When an artist creates a piece of work on commission, who owns the intellectual property rights of that piece? If the piece becomes a public work of art, does that change anything about the ownership? What if it goes viral?
The answer to all these questions… It depends on the contract.
The Creation of the Fearless Girl
This is exactly what’s in dispute surrounding the Fearless Girl statue, who has held her stance outside the New York Stock Exchange since 2018. The statue was commissioned by State Street Global Advisors (SSGA), a global financial firm, in 2016. The intention was to draw attention to their gender-progressive investment portfolios. Kristen Visbal created the bronze statue, and it was installed in 2017 – initially without any further explicit contract.
In April 2017, Visbal and SSGA signed a contract divvying up intellectual property rights – the Master Agreement. According to this, Visbal owns the copyright to the sculpture Fearless Girl, which give her the exclusive right to reproduction, distribution, modification and public display of the sculpture. SSGA is the sole trademark proprietor of the Fearless Girl as a brand. The trademark registration for FEARLESS GIRL is registered in Class 35 for promoting public interest in and awareness of gender and diversity issues and issues pertaining to the governance of corporations and other institutions and in Class 6 for funds investment; financial management services; financial investment advisory services; financial administration of donor advised funds for charitable purposes; accepting and administering monetary charitable contributions; financial information.
Additionally, SSGA gets royalty-free licensing of Fearless Girl copies – two-dimensional or three-dimensional – in connection with either of these conditions:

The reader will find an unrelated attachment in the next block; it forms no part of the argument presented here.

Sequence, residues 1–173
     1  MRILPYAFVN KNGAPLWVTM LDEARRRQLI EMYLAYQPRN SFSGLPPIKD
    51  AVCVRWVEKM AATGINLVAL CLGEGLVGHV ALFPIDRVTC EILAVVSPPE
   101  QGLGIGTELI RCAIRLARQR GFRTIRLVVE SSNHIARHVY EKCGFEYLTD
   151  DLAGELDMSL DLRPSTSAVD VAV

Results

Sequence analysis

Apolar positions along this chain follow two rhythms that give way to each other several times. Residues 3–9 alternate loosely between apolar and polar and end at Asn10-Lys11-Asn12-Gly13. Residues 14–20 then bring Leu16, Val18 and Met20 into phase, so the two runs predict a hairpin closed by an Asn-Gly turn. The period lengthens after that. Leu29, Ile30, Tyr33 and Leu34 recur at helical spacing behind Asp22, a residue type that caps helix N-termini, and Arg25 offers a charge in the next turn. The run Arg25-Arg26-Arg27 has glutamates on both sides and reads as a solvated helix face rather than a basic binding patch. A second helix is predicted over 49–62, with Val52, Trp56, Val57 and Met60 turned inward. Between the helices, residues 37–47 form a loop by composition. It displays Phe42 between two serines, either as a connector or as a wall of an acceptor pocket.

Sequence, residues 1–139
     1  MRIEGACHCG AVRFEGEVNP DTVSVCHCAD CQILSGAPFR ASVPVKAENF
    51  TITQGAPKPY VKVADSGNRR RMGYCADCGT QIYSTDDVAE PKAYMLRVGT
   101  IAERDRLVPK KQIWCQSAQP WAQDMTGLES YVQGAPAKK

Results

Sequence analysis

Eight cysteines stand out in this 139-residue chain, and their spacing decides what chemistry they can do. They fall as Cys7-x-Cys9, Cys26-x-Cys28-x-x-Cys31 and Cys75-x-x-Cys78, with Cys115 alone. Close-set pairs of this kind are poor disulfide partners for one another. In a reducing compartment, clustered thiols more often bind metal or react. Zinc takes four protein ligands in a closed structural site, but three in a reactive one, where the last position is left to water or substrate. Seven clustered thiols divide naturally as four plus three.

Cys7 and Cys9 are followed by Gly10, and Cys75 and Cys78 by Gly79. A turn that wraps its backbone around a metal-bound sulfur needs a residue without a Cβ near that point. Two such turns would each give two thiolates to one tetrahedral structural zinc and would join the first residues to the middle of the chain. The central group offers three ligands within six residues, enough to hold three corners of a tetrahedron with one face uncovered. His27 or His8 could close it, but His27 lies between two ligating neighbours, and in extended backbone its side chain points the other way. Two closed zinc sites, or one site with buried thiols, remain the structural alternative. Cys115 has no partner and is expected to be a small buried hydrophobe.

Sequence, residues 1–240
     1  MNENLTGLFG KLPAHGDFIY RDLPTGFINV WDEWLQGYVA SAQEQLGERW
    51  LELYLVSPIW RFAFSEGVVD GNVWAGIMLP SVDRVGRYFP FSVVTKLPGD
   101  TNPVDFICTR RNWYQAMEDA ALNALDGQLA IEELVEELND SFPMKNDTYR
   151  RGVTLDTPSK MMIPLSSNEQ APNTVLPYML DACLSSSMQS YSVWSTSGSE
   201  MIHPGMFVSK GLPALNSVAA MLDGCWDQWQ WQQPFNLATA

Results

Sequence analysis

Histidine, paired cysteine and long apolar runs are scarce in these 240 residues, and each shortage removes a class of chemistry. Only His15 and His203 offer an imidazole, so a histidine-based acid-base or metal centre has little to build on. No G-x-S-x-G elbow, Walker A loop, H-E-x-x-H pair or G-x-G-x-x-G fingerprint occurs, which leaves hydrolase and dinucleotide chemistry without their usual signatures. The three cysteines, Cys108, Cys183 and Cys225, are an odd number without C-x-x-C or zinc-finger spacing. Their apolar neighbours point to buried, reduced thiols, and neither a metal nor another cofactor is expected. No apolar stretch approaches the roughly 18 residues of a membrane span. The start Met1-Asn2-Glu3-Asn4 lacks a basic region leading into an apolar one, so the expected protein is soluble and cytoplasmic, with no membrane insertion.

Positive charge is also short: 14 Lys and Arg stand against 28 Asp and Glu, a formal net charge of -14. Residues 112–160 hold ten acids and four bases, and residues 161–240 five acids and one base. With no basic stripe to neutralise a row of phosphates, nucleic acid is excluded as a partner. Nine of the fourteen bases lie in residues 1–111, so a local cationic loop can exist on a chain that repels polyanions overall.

- Gender diversity issues in corporate leadership or the financial sector
- SSGA products, services, or messaging
It is this Master Agreement that hangs in the balance at this time, because Visbal has contested the parameters of her licensing restrictions in court. This comes after suits and countersuits between Visbal and SSGA over the sale of artwork replicas.
A Sea of Replicas Causes Problems
After installation, Fearless Girl drew a flurry of attention from the media and general public. While some criticized her creation as a corporate stunt, many others lined up to take photos with her at Bowling Green and, later, in front of the NYSE. It appears that the ability to cash in on the viral possibilities are too enticing for either party to let things be.
Visbal has created and sold several versions of Fearless Girl since her Wall Street inception:
- In 2018, she sold a replica to the owner of the Grand Hotel in Oslo, Norway.
- Visbal brought a resin replica of the statue to the Los Angeles Women’s March in January 2019.
- Also in 2019, she sold a replica to Maurice Blackburn, a social justice group known for suits against financial institutions.
- Until halted by lawsuits, Visbal accepted online orders for mini-statuettes.
All of which are protected under the copyright registration but SSGA cited these instances as trademark violations. They believe that Visbal is weakening and diluting Fearless Girl’s message in that: